• Recently a carload of teenagers in Joplin MO., was careening down a highway exceeding the speed limit. The driver and passenger thought it would be a good idea to change seats. The vehicle crashed killing two occupants and seriously injuring the other four occupants. All six occupants were girls.No one knows what prompted the driver and passenger to change seats. Perhaps the driver wanted to fix her make-up. Her risk analysis said it would be safer as a passenger and her assessment was that it was safe enough to change seats even while underway. Poor judgment.
  • In another situation, a vehicle is found overturned at the side of a road at the top of a curve. It is a single vehicle crash. The driver is dead and the 3 other occupants lay unconscious. The collision reconstruction team determines the vehicle’s speed exceeded the tolerance of the curve and hence there was likely a loss of traction causing the vehicle to slide off the road. The driver’s risk assessment told him he could manage the curve at an excessive speed. He was wrong. Dead wrong.

Parents need to keep parenting

We speak of lack of judgment when it comes to teen drivers. Lack of judgment means that teens do not have the same depth of experience on which to base their assessment and as such they may make a less than adequate decision given the absence of experience from which to draw. When teens decide to take a risk, it is often greater than an adult would choose. Teens fear less because of less experience. Teens have not witnessed many collisions, if any. They have not seen the many consequences of crashes. They are less likely to believe these things can happen to them. Hence they are prone to taking greater risks based on less good judgment and are hurt more often.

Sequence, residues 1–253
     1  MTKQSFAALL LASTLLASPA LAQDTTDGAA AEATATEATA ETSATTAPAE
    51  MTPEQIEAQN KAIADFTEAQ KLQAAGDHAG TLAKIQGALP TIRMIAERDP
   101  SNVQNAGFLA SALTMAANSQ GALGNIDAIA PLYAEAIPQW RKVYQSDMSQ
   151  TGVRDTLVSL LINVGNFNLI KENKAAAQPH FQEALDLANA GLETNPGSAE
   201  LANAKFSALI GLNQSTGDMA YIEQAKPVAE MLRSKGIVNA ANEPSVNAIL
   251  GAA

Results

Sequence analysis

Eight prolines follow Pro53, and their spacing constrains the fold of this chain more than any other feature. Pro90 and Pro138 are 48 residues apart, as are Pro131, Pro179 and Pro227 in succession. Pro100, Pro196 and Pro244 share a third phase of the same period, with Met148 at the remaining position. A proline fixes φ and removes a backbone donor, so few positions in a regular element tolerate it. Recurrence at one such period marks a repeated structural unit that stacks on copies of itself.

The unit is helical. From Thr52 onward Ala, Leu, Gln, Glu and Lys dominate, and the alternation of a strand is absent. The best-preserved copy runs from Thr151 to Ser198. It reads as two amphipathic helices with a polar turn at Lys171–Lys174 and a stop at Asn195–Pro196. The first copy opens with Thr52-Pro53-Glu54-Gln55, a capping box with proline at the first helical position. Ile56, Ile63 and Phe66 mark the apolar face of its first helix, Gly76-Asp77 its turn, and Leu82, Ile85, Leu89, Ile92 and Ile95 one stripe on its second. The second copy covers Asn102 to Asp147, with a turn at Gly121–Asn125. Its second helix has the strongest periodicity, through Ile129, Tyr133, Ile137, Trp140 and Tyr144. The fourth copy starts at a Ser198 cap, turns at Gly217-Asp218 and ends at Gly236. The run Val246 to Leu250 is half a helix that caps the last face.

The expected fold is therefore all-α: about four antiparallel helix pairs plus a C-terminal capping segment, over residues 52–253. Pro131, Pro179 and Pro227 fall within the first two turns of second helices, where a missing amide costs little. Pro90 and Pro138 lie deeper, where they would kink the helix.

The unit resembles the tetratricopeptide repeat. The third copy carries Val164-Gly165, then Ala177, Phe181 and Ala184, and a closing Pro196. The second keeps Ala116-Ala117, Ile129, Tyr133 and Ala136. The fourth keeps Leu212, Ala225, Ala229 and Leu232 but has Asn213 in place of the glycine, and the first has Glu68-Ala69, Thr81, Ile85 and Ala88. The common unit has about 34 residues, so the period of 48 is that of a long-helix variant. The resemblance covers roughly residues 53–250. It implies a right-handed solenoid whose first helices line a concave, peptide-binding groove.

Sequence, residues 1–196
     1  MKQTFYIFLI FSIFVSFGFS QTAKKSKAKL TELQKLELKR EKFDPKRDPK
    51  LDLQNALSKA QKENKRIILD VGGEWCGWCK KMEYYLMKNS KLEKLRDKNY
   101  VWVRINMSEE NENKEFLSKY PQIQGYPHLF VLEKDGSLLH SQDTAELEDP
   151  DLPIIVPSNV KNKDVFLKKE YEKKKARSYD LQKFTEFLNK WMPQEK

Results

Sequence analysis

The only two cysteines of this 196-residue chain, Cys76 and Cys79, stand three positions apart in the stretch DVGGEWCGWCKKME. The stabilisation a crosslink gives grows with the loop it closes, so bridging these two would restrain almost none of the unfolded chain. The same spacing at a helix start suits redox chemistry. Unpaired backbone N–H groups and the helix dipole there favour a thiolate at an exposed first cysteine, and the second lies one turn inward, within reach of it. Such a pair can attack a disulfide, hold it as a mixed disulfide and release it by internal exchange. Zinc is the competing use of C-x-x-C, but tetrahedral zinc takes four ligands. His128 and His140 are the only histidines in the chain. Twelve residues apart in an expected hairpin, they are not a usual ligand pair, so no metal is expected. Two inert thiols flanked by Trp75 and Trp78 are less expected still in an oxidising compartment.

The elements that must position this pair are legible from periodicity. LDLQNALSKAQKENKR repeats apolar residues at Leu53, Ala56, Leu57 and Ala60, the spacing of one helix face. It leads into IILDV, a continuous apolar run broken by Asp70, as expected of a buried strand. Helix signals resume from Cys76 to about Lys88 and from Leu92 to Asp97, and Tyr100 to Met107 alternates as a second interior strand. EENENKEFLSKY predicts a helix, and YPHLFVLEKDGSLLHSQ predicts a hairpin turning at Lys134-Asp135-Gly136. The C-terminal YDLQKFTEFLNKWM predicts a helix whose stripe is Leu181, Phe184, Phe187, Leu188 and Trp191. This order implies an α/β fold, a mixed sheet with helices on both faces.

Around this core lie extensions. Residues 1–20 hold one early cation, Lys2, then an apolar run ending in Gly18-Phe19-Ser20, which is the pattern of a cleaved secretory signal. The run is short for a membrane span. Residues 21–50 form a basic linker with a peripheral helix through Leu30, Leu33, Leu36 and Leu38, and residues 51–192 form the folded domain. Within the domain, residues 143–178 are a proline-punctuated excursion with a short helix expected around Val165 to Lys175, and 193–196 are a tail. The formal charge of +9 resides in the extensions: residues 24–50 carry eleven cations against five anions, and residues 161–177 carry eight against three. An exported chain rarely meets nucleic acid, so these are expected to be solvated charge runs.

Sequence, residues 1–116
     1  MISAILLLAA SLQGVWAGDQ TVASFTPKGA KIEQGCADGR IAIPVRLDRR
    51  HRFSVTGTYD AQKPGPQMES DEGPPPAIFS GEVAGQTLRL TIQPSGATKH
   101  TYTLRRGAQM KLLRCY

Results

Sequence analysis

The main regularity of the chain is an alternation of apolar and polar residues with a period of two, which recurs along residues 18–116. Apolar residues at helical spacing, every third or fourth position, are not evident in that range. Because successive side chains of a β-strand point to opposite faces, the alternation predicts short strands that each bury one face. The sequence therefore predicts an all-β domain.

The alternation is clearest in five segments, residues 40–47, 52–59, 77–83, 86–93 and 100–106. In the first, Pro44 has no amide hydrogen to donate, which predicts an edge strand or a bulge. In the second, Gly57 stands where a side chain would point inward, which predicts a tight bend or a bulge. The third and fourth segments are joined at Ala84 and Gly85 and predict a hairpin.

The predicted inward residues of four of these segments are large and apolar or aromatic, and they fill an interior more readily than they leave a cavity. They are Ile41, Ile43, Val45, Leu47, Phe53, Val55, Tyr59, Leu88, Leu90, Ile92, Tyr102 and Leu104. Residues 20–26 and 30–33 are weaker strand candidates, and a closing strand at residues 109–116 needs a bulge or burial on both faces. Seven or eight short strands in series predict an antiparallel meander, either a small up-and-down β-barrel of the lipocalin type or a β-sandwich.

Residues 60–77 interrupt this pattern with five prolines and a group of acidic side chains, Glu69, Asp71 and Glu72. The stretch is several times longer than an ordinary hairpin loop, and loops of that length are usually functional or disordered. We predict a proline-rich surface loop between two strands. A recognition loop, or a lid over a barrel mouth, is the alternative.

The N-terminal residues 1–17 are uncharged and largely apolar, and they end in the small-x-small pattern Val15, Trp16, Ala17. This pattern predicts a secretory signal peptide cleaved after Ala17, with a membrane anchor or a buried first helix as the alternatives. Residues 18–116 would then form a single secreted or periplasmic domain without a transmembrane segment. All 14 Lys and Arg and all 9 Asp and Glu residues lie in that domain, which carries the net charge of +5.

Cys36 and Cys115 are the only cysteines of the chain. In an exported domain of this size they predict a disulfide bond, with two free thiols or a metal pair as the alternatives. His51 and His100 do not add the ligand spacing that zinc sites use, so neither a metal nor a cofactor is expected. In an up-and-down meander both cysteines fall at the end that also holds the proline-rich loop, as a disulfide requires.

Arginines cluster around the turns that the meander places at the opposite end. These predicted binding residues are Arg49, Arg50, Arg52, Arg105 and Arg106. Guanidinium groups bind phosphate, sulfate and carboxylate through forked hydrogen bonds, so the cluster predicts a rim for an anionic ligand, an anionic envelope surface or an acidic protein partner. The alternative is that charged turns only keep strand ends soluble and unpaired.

Parents think that because they trust their teen or because their teen is generally good or because the teen is convincing, that their teen will exercise good judgment in the use of the car. However, parents are cautioned to remember that their teen’s good judgment just doesn’t have the wealth of experience to back it up.

Parents would never accept from a three-year-old that they know how to handle the stove, even if such a young child knows how to turn the knob. No matter how good or well-meaning the teen, they simply are not fully equipped for the responsibility and management of a motor vehicle under all circumstances.

Limits and responsibilities

Parents must talk with their teens. Setting limits and determining responsibilities, expectations and restrictions on the use of the car will reduce the risk of their son or daughter’s involvement in a crash. It is likely that your teen will object, but remember, you are still the parent.